to fall off and die so there is only so much tension to be generated.
There is also an underwater submersible scene that slows the film down
in my opinion and drags somewhat. With the possible exception of the
ski-chase, perhaps the best action sequence in For Your Eyes Only
involves Bond and Melina in a country car chase ("I love a drive in the
country. Don't you...?") in a battered Renault. We do also get to see
Roger Moore driving a Lotus again which, let's be honest, is always fun.
The casting in For Your Eyes Only is reasonably good on the whole.
Julian Glover is fine as kristatos and displays different facets to his
character in order to achieve his ends. Carole Bouquet is one of the
most striking Bond girls but not the greatest actress in the world. Her
chemistry with Roger Moore in the film is almost like a father and
daughter team with the disparity in their ages but they do work nicely
together at times. The oft-maligned Moore has an excellent snowy scene
on a horse-drawn sledge where he tries to persuade Melina to calm down
and be more rational. The pair are also good in the keelhauling
sequence, taken from the Live And Let Die novel. It's one of the
highlights of For Your Eyes Only with Bond and Melina battling coral
and sharks as they are dragged along underwater.
Elsewhere, Topol is fine as Columbo and brings his customary enthusiasm
to the film. Lynn-Holly Johnson as Bibi Dahl, a young skater financed
by the villain of the film, is perhaps though one addition too many to
the cast. It was probably a wise move to have Roger rebuff her advances
and offer to buy her an ice-cream instead! Series regulars Desmond
Llewelyn, Lois Maxwell and Walter Gotell are back again and Q has a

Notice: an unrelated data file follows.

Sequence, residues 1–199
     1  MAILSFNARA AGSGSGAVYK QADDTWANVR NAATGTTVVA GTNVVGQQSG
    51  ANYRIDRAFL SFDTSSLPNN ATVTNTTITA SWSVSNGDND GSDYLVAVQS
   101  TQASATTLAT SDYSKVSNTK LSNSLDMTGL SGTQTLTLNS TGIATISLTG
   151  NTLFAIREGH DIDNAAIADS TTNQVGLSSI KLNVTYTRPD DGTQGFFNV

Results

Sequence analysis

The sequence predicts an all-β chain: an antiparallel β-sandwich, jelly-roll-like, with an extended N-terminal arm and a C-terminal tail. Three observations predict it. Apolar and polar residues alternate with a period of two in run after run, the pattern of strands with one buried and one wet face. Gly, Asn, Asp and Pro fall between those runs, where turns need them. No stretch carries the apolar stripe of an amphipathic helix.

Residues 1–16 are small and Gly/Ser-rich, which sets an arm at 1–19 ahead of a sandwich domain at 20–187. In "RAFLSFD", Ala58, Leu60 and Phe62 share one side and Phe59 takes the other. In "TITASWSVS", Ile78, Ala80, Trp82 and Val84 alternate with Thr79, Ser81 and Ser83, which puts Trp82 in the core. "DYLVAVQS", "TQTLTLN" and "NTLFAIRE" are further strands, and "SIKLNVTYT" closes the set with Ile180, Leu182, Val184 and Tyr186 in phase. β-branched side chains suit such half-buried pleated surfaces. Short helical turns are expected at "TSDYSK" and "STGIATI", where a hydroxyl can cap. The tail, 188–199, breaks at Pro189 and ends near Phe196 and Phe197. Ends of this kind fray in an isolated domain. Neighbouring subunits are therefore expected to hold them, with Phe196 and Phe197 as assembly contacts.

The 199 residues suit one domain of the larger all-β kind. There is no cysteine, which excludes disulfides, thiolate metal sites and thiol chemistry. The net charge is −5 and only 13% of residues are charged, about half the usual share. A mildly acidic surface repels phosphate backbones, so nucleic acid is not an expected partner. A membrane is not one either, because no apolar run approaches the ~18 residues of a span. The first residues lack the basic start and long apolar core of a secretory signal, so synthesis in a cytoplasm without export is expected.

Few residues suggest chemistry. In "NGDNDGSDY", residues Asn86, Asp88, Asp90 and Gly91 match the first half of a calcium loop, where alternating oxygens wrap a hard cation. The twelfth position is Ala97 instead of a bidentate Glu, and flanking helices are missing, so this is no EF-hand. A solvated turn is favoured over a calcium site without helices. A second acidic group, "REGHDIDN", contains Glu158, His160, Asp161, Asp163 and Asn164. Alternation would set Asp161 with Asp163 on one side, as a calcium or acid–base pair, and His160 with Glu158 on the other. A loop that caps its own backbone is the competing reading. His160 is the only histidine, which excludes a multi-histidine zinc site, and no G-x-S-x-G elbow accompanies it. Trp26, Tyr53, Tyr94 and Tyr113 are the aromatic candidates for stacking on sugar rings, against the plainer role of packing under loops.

funny scene where he poses as a Priest in a Confessional Booth to meet
Bond. John Wyman as Erich Kriegler makes a decent and very physical
henchman and Michael Gothard is suitably creepy as Emile Leopold Loque.
Roger Moore is fine in the film and has his most cold-blooded moment as
007 when he kicks a car over a cliff. For Your Eyes Only gives him his
usual quota of one-liners and chases but he does get some quieter, more
introspective/restrained moments in the film for a change and plays
them very well.
Apart from some the action sequences going on for too long and some
draggy moments, the biggest problem the film has is Bill Conti's disco
score which was probably dated about a week after its completion. Some
of the action cues are very good but overall it's an eccentric and
somewhat jarring score that detracts from what is supposed to be the
'down to earth' Roger Moore film. It's a great shame that John Barry
skipped this one because I think he would, as usual, have lifted the
film up a few notches and married the score to the images onscreen in a
more Bondian and timeless fashion.
Overall, For Your Eyes Only is an interesting addition to the series if
not vintage Bond. While it has some excellent moments, it lacks the wow
factor and big ending of some other entries and some of the comedy
(Janet Brown as Prime Minister Margaret Thatcher!), as well as the
score, have dated the film a tad more than some other Bonds.
It does have some very good action sequences though and makes very good
use of the locations, which include the Ionian Sea, Corfu, Madrid and
For Your Eyes Only is not perfect but it's good fun nonetheless.